Eremias arguta deserti
|[Note Guidelines] Photographer's Note|
|Classification: Animalia (Kingdom ) - Reptilia (Class ) - Squamata (Ordo) - Sauria (Subordo) - Lacertidae (Family ) - Eremias (Genus ) - arguta (Species ) - |
Common Names: Steppe Runner (English) - Steppenrenner (Deutsch - German) - Erémias variable (Français - French) - Eremia (Italiano - Italian) - Stäpplöpare (Svenska - Swedish) - Ørkenløber (Dansk - Danish) - steppehagedis (Nederlands - Dutch) - Stepniarka drobnołuska (Polszczyzna - Polish) - Sivagati gyík (Magyar - Hungarian) - Jaterica stepná (Slovenský - Slovak) - Soprala de nisip (Român - Romanian) - Arosisilisko (Suomi - Finnish) -
E-Romania (Danube Delta area). Also S-Ukraina and Crimea and further eastwards to Mongolia and China.
Up to 300 m
Up to about 7,5cm snout to vent, tail as long or a little longer. A quite plump lizard with a pointed snout and rather prominent nostrils. Distinguished from all other east European lacertids (Lacertidae) by high number of large belly scales (14-20 across mid-belly), and by the subocular scale which does not reach the lip. Usually grey or greyish brown, often with a pattern of ocelli or light, often broken stripes and irregular dark markings; sides may be darker than back.
Considerable variation in pattern. Form in Europe is E.a. deserti.
morphologically similar taxa
None in Europe.
Typically found in dry open places with some low bushy vegetation, including sandy beaches, coastal dunes and sparsely vegetated river plains.
behaviour & habits
Often quite common, actively hunting. When disturbed it may run very fast for long distances between bushes. Sometimes takes refuge by sheltering under spiny shrubs but also uses burrows about 10-25 cm long that it digs itself, often at the base of bushes. May also hide under stones and in rodent burrows and dive into loose sand when pursued.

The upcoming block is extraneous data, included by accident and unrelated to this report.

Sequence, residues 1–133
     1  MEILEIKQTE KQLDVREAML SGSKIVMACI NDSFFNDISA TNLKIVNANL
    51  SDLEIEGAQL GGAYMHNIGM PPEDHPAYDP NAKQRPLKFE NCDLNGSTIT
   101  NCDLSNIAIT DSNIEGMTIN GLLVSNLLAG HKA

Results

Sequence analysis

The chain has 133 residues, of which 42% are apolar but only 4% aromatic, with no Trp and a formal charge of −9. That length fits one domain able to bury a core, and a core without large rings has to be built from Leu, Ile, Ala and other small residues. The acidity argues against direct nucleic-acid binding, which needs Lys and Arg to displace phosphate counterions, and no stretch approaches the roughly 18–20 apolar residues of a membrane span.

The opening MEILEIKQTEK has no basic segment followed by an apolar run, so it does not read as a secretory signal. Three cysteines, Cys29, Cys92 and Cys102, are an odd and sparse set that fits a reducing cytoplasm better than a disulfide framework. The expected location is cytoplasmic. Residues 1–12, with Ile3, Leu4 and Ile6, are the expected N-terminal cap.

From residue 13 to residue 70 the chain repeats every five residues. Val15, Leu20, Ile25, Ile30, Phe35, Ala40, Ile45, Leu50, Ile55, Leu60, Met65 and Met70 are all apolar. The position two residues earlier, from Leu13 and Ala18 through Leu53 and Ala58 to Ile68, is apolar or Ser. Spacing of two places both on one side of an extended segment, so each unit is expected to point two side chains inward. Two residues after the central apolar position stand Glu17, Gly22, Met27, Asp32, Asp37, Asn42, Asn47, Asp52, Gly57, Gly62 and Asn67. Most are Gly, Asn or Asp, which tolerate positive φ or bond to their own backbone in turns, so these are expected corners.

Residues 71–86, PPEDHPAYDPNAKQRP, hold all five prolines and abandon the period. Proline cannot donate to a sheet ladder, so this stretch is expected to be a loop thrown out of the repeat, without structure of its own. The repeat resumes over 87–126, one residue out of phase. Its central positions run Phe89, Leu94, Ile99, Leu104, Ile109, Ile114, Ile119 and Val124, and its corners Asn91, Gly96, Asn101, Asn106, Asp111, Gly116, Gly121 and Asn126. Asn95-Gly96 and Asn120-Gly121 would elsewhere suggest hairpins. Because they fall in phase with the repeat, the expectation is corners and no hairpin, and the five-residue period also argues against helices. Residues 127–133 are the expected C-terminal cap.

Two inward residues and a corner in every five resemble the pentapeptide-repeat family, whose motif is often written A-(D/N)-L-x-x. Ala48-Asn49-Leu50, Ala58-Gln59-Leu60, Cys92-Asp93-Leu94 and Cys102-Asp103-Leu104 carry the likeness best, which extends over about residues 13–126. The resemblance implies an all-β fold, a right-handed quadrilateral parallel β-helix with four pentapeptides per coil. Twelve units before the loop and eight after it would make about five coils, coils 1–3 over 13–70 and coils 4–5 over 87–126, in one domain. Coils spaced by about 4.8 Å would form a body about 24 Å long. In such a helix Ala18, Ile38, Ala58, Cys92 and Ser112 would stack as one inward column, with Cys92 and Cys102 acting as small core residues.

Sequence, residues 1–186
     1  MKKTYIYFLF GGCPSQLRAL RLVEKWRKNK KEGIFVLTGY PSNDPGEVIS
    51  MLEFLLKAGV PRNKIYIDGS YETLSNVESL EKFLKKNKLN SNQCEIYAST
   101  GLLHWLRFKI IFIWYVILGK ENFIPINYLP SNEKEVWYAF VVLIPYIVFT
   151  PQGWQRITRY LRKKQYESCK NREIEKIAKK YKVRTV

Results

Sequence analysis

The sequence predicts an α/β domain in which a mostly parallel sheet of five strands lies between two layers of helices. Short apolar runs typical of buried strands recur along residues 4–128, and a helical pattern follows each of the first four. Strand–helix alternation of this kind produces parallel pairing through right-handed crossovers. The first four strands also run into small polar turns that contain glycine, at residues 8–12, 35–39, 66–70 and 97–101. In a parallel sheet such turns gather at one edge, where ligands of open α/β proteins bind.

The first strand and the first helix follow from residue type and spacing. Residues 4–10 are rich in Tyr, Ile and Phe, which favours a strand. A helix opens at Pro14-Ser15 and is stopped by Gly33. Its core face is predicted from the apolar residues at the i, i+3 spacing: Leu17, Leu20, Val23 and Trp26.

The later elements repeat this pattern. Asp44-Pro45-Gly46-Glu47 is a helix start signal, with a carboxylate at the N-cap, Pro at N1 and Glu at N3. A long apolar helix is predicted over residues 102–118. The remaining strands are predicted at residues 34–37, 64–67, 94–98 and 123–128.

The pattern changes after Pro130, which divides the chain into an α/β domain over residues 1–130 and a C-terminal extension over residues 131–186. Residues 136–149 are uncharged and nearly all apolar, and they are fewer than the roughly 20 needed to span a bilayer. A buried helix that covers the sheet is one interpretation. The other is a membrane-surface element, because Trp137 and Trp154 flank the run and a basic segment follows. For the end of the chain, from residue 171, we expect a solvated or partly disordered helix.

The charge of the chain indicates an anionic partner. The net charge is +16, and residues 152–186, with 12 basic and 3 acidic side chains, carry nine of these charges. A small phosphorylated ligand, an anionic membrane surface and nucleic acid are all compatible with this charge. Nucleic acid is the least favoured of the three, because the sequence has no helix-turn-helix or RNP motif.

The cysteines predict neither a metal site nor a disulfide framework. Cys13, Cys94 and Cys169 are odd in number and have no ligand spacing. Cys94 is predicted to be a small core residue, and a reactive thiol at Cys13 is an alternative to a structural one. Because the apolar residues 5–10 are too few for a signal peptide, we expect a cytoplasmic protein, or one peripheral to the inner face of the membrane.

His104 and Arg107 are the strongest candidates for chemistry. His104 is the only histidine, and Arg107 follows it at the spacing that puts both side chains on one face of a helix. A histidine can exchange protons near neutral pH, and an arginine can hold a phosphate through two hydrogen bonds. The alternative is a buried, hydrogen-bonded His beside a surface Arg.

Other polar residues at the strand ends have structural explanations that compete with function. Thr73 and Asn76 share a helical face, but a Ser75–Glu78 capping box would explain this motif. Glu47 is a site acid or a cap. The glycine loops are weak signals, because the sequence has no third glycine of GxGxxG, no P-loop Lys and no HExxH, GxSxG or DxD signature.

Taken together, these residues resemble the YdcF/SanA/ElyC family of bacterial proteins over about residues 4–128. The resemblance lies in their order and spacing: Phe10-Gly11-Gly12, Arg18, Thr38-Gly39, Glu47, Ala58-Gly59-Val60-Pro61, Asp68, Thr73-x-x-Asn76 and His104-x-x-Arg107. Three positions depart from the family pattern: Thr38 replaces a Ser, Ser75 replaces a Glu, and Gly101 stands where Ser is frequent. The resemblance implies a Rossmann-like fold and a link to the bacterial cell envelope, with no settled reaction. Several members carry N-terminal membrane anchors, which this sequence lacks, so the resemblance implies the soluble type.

Mainly insect prey.
reproduction and development
Females may lay about 2 clutches of 1-12 (usually 3-4) eggs, 10-20mm x 6-10mm, which produce babies 2,5-3cm from snout to vent; these probably become sexually mature after their second spring.
info by: http://nemys.ugent.be/species.asp?spec=44495&group=16&act=4&p=1
Argus, tomcezar, uleko has marked this note useful
Only registered TrekNature members may rate photo notes.
- [2007-09-18 8:17]
Excellent capture of an Eremias lizard in its natural environment. Fine composition, sharpness, detail and pose.
Well done and TFS!
Interesanta specie,iar grindul Chituc e inca locul in care poti vedea multe specii la ele acasa. Sa aperam ca asa va ramane. Bravo frumoasa fotografie, numele soparlei si postura in care ai fotografiat-o spun totul. Bravo. Cezar.
Excellent and well-timed capture of this reptile. Very sharp and beautiful.
- [2007-09-22 8:04]
I like your capture of this beautiful lizard, half-hidden by sand. Excellent sharpness and fine natural colours. Well composed too.
TFS and regards, Ulla